My SoCal Garden

How to Grow Cauliflower

By Steve Thomas-Patel·

Cauliflower is known to be a little tricker to grow than broccoli. Here's how to get the results you want from your cauliflower.

Cauliflower is a rewarding plant when it comes out right. It's great in stir-frys, or served as a nice, crisp cauliflower "steak."

It's also a rewarding plant to grow, as you watch for weeks as the white flower head, called a "curd," forms and grows.


Cauliflower is grown all over the world. You'll find it in African stews, Indian curries, and it's common in caseroles as well.

It shares a history with Broccoli, cabbage, bok-choi, brussels sprouts and the other cultivars of the species Brassica oleracea. Their use has been traced back as far as to Ancient Rome. And the original, wild cabbage, even further.

How to Grow Cauliflower

Cauliflower is most easily grown from seedlings. So it is best to either start it indoors or buy it as seedlings and transplant it into your garden.

Cauliflower likes a sandy, loose soil. It doesn't need an excess of nutrition. Too much nitrogen will encourage it to grow without flowering.

Ideally, cauliflower experiences warmth in the earlier days, which encourages growth. Then experiences a cooling of the weather. That will encourage it to form a nice, tight curd.

Cauliflower is known to be tricky, the important thing is to make sure it received consisten water. Stress will cause problems with the formation of the curd.

It's nice to have several cauliflowers through the season, but you don't want them to ripen all at once. Depending on how much your family will eat, it is best to sow a few every couple of weeks to space them out.


If you want a nice, clean-looking, white cauliflower head, like the kind you would get in the grocery store, you may have to protect it from sunlight. Sunlight can cause cauliflower to yellow.

The way to get white cauliflower curds is by "blanching". Some varieties are made to be "self-blanching" so you don't have to do this. But that is not what you are growing, you should do this. Blanching is as simple as tying the leaves of the cauliflower plant over the curd in order to block the sun. You can do this with either a string or a rubber band.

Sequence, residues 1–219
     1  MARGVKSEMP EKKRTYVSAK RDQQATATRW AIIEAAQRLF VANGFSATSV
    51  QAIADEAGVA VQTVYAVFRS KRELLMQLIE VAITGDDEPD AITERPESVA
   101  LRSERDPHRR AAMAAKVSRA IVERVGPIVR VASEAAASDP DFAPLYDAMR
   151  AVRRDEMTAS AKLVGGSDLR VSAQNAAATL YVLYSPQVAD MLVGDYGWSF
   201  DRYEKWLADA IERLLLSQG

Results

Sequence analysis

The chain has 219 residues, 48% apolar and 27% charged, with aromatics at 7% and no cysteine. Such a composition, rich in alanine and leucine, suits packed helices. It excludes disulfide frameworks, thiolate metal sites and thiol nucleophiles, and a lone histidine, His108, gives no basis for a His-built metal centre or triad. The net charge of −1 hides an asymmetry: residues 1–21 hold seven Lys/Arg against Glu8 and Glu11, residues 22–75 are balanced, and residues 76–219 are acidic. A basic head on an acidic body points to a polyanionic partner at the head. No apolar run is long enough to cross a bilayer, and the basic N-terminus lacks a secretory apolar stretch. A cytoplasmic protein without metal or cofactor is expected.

Colorful varieties of cauliflower, orange, red, green or Romanesco, should not be blanched. They actually need the sunlight in order to develop their rich colors.

What Can Go Wrong?

Cauliflower is attractive to many types of bugs. Most of them are only a threat to the seedlings, like cabbage worms, flea beetles and cabbage looper and diamondback moth larvae.

Cauliflower is also very attractive to aphids. Aphids will not do any serious damage to your cauliflower, but they are very hard to remove after harvesting.

The best way to deal with aphids is to stay on top of the problem. If you notice aphids on your bassicas, spray them down with a high pressure hose. Nurseries often sell predatory ladybugs to get rid of them for you, but it's always hard to get them to stick around.


Cauliflower is ready to harvest when the head is about 6-8 iches in diameter. If the flowers of the curd start to open up, harvest immediately.

You won't get any extra cauliflower after harvest, the way you can get extra broccoli, so its best to cut it off at the base with a sharp knife and let the roots eventually break down in the soil.

I like to pull off the leaves and scatter them around my garden where they dry up and act as mulch, or chop them and up and throw them into the compost bin.

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